Mr Robert Davies, founder of UNA Exchange, answers the Proust questionnaire !

Interview with Robert Davies, founder of UNA Exchange, conducted on Friday 18th October 2019 at the Temple of Peace and Health by Hélène Chaland (volunteer at UNA Exchange for the year 2019/2020) using the Proust Questionnaire.

UNA Exchange international volunteers Helene and Loeiza meet Robert Davies __1.__What is your idea of perfect happiness?

Well, I have a certain philosophy of life. Was it Descartes who said “I think, therefore I am”? That is the only thing I can be sure of – I know when I feel happy, I know when I feel I’m in pain, and the only real thing is to want happiness not pain for other people. That’s the only thing that makes sense in my life. And the more we can have of that -happiness in the world- the better it would be.

“Following on from that, I think the greatest dilemma human beings have as a species is conflict.”

The fact that they can’t always get along happily together, and they can’t always cooperate, for some strange reason. So we have a long way to go, as Darwin might have said, in our human evolution, so we can understand and be really helpful and know how other people feel and be sympathetic to them. And that, of course, is the root of war, which is the greatest thing we face, despite all the emphasis nowadays on certain other things, whether it be Brexit or the environment. War is the most terrible thing, whether it’s on a small scale or a large scale. And of course, in my life term, I am touched by two great World Wars. My father served in the military in the First World War, and was too old in the second, but he came to Cardiff with my mother and myself to find employment at the beginning of the Second World War, so I was a child of social deprivation and poverty, and a child of the Second World War. Those are my earliest memories, and I suppose things like that have influenced the rest of my life.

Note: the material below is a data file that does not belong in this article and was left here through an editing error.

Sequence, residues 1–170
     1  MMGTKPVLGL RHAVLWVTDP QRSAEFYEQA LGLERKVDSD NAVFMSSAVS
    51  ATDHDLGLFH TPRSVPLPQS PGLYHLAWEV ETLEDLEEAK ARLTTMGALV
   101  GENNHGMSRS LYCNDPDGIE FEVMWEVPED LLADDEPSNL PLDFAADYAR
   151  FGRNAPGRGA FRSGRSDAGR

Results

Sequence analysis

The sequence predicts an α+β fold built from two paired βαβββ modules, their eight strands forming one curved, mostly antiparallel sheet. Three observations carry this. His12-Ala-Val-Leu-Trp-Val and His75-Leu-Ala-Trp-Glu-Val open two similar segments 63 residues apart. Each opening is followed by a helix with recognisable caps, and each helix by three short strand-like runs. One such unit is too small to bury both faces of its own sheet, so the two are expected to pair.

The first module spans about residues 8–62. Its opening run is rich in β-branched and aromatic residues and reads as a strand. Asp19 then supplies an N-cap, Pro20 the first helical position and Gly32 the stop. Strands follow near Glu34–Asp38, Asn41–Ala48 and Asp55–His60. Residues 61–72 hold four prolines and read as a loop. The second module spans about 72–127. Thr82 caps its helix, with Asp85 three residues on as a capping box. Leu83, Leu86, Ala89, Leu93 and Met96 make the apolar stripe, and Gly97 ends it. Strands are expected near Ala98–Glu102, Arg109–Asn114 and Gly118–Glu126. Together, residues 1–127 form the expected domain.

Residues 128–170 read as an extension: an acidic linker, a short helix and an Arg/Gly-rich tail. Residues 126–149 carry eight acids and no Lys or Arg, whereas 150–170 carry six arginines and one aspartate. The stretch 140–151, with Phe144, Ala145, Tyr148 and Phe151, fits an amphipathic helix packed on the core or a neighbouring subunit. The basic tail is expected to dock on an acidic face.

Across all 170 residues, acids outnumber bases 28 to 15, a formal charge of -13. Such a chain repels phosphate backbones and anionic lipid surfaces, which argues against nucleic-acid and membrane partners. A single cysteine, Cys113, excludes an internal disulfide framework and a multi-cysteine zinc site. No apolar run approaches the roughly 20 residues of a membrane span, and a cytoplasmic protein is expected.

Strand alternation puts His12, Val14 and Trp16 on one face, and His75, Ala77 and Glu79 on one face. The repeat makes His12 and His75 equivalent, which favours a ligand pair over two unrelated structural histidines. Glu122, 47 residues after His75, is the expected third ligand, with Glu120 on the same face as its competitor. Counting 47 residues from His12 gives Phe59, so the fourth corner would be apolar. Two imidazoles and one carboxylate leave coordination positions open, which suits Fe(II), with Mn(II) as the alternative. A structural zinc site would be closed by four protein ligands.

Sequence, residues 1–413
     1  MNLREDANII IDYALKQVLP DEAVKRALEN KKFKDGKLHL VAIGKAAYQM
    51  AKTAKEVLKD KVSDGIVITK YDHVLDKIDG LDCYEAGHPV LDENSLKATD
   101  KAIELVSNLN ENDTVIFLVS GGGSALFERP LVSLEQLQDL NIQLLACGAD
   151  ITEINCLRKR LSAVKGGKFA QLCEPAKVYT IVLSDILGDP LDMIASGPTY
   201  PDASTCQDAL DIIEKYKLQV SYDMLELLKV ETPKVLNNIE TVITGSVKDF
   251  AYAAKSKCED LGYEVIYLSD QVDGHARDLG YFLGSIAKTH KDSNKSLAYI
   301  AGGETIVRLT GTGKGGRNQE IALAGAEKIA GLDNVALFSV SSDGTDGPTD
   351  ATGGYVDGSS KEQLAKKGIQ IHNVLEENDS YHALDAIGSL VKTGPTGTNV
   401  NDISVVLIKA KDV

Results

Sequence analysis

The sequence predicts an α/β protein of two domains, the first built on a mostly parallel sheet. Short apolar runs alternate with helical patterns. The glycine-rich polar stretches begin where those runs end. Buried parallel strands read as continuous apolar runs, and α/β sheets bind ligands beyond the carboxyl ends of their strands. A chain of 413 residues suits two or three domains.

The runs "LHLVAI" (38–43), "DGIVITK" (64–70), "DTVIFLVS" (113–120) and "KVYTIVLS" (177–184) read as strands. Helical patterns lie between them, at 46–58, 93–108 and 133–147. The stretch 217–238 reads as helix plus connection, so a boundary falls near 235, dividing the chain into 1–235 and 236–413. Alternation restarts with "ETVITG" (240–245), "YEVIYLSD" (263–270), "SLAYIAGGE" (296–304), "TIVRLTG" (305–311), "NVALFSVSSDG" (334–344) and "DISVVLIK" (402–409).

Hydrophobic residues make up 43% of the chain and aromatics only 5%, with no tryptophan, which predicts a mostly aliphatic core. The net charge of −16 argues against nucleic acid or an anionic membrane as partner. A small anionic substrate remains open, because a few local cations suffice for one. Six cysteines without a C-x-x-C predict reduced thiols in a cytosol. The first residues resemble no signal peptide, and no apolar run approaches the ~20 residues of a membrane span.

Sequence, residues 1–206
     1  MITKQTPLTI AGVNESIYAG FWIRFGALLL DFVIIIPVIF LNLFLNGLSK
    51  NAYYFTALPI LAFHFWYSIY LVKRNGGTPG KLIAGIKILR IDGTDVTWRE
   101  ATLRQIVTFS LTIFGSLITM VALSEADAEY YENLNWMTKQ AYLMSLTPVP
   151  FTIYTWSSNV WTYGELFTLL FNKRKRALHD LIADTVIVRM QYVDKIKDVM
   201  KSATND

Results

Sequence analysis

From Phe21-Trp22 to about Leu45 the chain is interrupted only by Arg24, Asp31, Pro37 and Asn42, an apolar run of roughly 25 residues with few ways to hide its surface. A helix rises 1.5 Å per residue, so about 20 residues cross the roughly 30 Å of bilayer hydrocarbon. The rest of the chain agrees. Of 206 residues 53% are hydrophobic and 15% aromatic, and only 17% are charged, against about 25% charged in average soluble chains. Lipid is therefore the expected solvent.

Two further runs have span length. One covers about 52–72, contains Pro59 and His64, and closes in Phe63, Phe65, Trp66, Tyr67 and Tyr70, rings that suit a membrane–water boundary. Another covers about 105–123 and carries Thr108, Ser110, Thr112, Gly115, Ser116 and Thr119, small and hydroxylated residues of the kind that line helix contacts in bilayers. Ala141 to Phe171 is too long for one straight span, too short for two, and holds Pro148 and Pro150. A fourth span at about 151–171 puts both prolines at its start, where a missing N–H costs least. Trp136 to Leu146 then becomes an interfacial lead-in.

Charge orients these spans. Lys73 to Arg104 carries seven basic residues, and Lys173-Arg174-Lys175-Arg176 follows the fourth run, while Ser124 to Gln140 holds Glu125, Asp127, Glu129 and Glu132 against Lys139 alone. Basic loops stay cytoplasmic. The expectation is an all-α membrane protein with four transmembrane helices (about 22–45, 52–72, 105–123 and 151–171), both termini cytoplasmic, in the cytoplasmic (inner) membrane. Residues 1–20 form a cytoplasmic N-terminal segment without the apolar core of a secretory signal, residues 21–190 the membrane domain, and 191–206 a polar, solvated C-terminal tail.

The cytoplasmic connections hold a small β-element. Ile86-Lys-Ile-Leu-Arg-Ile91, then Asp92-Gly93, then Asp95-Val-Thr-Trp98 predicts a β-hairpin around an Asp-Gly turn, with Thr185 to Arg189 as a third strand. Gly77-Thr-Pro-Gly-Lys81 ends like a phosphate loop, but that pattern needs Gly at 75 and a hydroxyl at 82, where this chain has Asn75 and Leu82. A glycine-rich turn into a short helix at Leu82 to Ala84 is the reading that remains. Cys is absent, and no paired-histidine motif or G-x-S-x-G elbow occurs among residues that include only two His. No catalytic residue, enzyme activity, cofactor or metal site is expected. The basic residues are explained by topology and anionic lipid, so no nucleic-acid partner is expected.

__2.__What is your greatest fear?

I suppose it’s a selfish one, really. It couples with reassurance when I meet younger people like yourselves [French volunteers at UNA Exchange Hélène and Loeiza]. The selfish one being that I can’t go on forever, doing and helping this kind of thing. So that is a kind of animalistic kind of fear, the fear of mortality. So I have done my best to try and put things on paper that I hope will continue to encourage people.

__3.__What is the trait you most deplore in yourself? // __4. __ What is the trait you most deplore in others?

I suppose selfishness, the very point I was making before. It’s a strange thing though, people who are selfish don’t realise by being unselfish and forgetting themselves that they will find greater happiness.

“Being with other people and relationships with other people is the most important thing in life.”

There’s a thing I did a few years ago for the anniversary of voluntary service called “Rich and Poor”. When people hear that phrase, they think of richness in terms of money, and they think of poverty as lack of money, material things, but unfortunately the very point of that little talk was missed at the end – the sound disappeared. The end bit was my experience of working with a volunteer who had patience with an elderly person, and it was the richness of that human relationship which really mattered.